Visual QuickStart Guide: iCloud
Author: Tom Negrino
Publisher: Peachpit Press
Price: US $24.99
When Lion and iOS 5 were released, I timidly stepped into the Apple iCloud experience and began using some of its offerings. Although I still do not use all of the iCloud features, what I have chosen to enable has been through my own trial and error approach. For those of you that have not yet ventured into the iCloud, the iCloud: Visual QuickStart Guide will definitely allow this to happen with ease.
Author Tom Negrino presents a well illustrated and detailed step by step guide explaining how one sets up and uses each of the current features available in the Apple iCloud. The ten chapters in this 195 page instructional book are appropriately structured to cover the entire process and allow quick reference to each of the iCloud features. The book also provides a detailed eleven page index.
The book was written in the fall of 2011 and the author does point out limitations of this initial iCloud release that hopefully will be improved in future updates. He also addresses the transition from MobileMe to the iCloud. I never used MobileMe so features that did not transition to the iCloud were not a concern for me, but should be of interest to those who were previously adept with the service.
The iCloud: Visual QuickStart Guide addresses the hardware and software requirements for the Mac and iOS devices and includes the Windows PC platforms. I especially liked the information and instructions provided covering how to configure iCloud on the applicable devices. The author nicely addresses the current, and somewhat disappointing, web interface to the iCloud from the Mac and Windows PC. The author takes you through the necessary steps to interact with the iCloud after logging in at the iCloud web site. Having to log in to a web site instead of having this interface imbedded in the operating system seems unfinished and inviting an update. Hopefully, a future release of the iCloud will improve this interface.
I did identify a minor discrepancy in the chapter that addressed using Notes, and I forwarded my concerns to the publisher. The default account that is shown in an illustration in configuring Notes on an iOS device is not available on all iOS devices. The default account is correctly displayed on my iPod touch as shown in Figure 1 but is missing on my iPad as shown in Figure 2.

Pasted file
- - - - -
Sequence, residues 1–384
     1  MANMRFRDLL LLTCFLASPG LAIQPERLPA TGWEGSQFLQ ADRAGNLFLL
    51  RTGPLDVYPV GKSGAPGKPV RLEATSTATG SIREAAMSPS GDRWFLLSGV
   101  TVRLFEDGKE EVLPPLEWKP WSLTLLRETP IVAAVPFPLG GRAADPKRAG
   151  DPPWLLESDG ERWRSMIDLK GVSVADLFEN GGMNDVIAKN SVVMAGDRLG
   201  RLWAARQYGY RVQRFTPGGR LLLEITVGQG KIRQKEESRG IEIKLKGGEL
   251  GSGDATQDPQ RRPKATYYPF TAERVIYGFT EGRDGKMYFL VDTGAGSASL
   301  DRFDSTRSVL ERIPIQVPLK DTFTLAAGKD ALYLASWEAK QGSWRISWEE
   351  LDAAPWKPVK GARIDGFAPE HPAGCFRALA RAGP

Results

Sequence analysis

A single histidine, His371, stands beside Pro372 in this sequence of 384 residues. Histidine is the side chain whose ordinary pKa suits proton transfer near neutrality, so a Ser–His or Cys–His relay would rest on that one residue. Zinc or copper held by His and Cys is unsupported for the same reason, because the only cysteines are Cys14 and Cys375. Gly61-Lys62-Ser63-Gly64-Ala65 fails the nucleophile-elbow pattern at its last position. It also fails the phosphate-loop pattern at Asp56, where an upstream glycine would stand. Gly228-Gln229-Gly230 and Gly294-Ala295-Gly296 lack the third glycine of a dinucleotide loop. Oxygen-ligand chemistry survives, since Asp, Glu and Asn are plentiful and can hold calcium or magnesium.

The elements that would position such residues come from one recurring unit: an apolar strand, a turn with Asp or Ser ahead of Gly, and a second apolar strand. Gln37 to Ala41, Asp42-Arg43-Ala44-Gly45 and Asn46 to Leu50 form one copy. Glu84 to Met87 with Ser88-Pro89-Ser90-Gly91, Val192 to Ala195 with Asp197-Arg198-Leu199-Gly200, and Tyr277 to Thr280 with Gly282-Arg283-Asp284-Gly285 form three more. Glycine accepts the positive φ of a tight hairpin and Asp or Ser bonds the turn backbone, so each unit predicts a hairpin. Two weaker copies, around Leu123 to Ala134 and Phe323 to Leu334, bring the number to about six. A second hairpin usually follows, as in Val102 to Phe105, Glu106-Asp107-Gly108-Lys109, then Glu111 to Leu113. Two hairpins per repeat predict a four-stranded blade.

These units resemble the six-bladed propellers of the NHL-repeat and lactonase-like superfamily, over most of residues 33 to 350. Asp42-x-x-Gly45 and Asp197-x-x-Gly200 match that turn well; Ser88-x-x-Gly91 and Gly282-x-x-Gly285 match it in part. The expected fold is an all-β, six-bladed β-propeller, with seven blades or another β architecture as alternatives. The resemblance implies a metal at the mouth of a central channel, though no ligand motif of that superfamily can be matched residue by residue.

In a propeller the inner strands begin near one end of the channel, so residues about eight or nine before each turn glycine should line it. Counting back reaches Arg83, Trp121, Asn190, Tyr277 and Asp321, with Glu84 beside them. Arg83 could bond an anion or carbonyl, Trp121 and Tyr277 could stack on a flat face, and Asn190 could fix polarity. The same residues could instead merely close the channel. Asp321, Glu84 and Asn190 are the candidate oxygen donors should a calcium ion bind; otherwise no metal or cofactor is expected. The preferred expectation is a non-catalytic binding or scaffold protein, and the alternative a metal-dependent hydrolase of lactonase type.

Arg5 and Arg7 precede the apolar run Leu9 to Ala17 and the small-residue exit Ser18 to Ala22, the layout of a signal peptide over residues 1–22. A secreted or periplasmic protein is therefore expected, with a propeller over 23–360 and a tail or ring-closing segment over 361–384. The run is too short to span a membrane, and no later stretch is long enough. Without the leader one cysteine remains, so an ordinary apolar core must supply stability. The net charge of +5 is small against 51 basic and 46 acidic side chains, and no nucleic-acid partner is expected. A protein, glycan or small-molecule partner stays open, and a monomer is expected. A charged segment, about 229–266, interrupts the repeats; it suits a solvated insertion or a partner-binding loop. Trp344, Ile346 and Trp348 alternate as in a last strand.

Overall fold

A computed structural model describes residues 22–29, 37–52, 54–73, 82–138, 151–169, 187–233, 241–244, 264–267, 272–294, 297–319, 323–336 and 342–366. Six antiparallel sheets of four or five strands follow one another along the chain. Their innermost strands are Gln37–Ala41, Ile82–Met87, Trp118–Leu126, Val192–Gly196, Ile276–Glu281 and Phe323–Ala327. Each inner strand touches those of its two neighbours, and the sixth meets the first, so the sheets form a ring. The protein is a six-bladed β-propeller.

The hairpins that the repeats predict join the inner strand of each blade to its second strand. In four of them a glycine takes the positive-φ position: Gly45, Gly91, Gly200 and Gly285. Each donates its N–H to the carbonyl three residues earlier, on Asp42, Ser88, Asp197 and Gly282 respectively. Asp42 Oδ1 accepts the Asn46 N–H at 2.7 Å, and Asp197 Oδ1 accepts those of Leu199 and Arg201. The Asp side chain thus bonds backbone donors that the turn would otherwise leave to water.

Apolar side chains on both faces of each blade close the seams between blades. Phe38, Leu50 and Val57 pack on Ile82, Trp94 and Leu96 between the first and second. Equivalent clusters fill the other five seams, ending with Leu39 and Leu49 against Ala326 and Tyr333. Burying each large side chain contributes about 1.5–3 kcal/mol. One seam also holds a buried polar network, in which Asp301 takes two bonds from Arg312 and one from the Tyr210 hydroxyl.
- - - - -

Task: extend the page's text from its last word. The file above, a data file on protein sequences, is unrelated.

I had a good long telephone conversation with the author regarding this discrepancy, and unfortunately neither of us was able to determine the cause. Extensive efforts by the author to reproduce what I was seeing and what his book shows failed to uncover the reason why we were getting different results. I also spent a good deal of time attempting to reproduce what the book illustrates, and was unsuccessful. The discrepancy is essentially cosmetic and does not preclude configuring Notes on the iCloud.
Another minor problem I had with the paperback version of the book was the small size of some of the screenshot illustrations made it difficult to read the verbiage. The eBook version in iBooks is much better. The screenshot illustrations are all very readable in the portrait orientation, less so in the landscape orientation because of their reduction in size. In the PDF version of the book, the screenshot illustrations are very good and can be zoomed in. They will pixelate if you zoom in too much. The screenshot illustrations in the PDF version viewed on the Kindle app on my iPad were also very good and they will also pixelate if zoomed in too much.
If you are interested in going to the iCloud, this book is a very good addition to your library. The eBook version is available on iBooks for US $9.99. In my opinion, the eBook version is the better value, both in cost and in readability. I suggest you check your favorite bookstore or on-line book and eBook source for the latest sales prices.
Therefore, I am awarding the paperback book a MyMac.com Review Rating: 8 out of 10 and the eBook a 9 out of 10.